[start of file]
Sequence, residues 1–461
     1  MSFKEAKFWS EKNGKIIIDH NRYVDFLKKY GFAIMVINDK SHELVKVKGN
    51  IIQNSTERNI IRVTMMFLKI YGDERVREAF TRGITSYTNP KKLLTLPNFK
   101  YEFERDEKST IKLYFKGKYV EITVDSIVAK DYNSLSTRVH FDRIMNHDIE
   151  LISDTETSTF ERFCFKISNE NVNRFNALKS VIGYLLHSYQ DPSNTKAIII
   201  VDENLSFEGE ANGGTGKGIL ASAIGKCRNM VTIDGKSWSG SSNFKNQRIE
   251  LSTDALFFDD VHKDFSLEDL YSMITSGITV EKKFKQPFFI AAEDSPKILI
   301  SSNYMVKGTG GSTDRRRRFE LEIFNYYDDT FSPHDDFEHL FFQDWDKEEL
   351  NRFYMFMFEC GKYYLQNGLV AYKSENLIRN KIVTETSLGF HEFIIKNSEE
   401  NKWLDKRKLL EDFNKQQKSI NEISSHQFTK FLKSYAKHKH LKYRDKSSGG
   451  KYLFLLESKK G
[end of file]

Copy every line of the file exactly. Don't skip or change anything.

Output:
Sequence, residues 1–461
     1  MSFKEAKFWS EKNGKIIIDH NRYVDFLKKY GFAIMVINDK SHELVKVKGN
    51  IIQNSTERNI IRVTMMFLKI YGDERVREAF TRGITSYTNP KKLLTLPNFK
   101  YEFERDEKST IKLYFKGKYV EITVDSIVAK DYNSLSTRVH FDRIMNHDIE
   151  LISDTETSTF ERFCFKISNE NVNRFNALKS VIGYLLHSYQ DPSNTKAIII
   201  VDENLSFEGE ANGGTGKGIL ASAIGKCRNM VTIDGKSWSG SSNFKNQRIE
   251  LSTDALFFDD VHKDFSLEDL YSMITSGITV EKKFKQPFFI AAEDSPKILI
   301  SSNYMVKGTG GSTDRRRRFE LEIFNYYDDT FSPHDDFEHL FFQDWDKEEL
   351  NRFYMFMFEC GKYYLQNGLV AYKSENLIRN KIVTETSLGF HEFIIKNSEE
   401  NKWLDKRKLL EDFNKQQKSI NEISSHQFTK FLKSYAKHKH LKYRDKSSGG
   451  KYLFLLESKK G